Using CATs to Assess Learning and Adjust Instruction

Before and After Muddiest Points:

As much as we don’t like to admit it, there are many times that content that seems perfectly clear to the instructor is as “clear as mud” to the student. One thing that I have found helpful is the “Muddiest Point” CAT. Students are expected to come prepared for class: reading, case study, etc. This allows us to make the classroom more active as we collaborate through discussion of the case studies and worksheets. As engaging as this is, there are still times that students find portions of the pre-work confusing. This makes it difficult for them to fully participate during class.

I have found it helpful for students to come to class with their “Muddiest Point.” This allows students to anonymously write down the area needing clarification (avoiding having to ask the question in front of others) and it allows me to identify themes that help direct my teaching. I can then focus instruction on these areas without wasting precious class time on areas that students understand.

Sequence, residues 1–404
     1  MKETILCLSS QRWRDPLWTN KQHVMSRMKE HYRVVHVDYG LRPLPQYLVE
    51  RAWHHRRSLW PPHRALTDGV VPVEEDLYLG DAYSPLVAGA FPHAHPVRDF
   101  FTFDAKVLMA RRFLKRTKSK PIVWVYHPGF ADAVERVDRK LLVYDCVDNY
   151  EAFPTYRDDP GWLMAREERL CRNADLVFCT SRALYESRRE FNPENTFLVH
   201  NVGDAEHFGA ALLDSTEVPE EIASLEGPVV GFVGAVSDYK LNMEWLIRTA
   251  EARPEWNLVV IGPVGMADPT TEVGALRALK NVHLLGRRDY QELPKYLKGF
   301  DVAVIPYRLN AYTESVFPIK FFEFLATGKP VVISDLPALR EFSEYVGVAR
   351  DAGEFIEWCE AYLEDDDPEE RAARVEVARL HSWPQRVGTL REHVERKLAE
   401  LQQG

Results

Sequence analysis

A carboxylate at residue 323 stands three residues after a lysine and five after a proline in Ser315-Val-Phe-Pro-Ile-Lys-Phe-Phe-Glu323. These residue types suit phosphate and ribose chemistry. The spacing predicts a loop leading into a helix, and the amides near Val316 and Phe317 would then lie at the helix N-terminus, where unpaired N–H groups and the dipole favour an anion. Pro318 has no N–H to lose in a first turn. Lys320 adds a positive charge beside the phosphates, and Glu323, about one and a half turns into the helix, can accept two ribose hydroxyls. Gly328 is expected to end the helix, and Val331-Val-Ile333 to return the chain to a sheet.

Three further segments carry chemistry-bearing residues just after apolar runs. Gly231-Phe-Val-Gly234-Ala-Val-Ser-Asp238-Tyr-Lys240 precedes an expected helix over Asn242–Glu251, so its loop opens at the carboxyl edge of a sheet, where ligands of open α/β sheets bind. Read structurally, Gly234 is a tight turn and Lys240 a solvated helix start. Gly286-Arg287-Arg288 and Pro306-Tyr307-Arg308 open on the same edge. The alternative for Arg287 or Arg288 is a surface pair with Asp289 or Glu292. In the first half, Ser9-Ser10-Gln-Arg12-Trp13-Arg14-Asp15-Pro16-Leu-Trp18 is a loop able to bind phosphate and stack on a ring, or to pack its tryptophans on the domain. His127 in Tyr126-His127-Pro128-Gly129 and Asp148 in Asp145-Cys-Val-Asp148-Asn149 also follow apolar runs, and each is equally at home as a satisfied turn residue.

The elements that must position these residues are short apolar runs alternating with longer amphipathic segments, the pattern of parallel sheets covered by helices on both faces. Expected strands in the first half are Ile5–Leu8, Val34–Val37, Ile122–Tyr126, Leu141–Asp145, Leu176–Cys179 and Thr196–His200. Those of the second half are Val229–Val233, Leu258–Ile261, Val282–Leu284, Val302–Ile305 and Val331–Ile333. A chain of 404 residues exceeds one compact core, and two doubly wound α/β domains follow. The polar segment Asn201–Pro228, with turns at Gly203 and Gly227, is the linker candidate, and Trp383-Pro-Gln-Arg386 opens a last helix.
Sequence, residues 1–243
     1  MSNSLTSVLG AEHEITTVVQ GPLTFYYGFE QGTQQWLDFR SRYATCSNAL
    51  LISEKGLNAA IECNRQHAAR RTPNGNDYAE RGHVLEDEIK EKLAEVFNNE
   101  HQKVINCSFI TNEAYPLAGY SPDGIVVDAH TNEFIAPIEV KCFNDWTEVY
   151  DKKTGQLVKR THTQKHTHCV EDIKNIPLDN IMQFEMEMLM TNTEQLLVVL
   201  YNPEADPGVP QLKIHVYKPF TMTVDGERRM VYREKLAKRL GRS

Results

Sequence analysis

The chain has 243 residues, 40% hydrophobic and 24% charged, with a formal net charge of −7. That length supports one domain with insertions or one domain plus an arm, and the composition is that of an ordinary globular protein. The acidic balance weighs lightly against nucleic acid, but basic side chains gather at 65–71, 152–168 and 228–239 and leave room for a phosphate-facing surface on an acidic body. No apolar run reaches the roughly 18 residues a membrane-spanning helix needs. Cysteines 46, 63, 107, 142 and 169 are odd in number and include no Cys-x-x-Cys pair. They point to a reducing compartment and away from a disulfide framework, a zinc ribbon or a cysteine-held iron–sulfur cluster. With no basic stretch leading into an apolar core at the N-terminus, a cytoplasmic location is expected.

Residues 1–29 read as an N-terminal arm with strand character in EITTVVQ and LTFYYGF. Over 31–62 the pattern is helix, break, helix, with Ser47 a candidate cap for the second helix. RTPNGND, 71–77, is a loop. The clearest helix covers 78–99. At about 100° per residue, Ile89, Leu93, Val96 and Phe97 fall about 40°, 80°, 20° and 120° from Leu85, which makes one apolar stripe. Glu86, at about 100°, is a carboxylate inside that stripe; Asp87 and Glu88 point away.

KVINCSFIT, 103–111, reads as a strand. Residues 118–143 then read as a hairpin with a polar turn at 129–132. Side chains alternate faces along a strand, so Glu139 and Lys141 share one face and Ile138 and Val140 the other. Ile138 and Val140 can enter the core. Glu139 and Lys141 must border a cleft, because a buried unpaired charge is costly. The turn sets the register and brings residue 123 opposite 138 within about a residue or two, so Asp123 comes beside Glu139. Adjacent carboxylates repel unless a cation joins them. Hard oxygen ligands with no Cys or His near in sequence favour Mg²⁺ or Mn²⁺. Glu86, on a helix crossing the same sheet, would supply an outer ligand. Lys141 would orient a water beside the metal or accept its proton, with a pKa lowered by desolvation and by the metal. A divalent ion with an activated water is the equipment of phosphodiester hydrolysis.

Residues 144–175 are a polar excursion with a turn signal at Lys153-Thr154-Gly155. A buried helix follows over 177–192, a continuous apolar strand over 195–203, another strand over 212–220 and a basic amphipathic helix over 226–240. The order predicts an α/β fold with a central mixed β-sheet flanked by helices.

Following instruction, I ask students to again write down their “Muddiest Point.” I can then use these to further clarify during the following class. Often times, I have found that the student has found clarification.

One thought on “Using CATs to Assess Learning and Adjust Instruction

  1. Great idea — although, I find it ironic in this age of social media that some students are reluctant to ask a question for fear of judgement by others; nevertheless, it is still a reality. Written or posed in the classroom, one good question is worth a thousand answers.

    Life is messy my friend, come walk with me in the mud.

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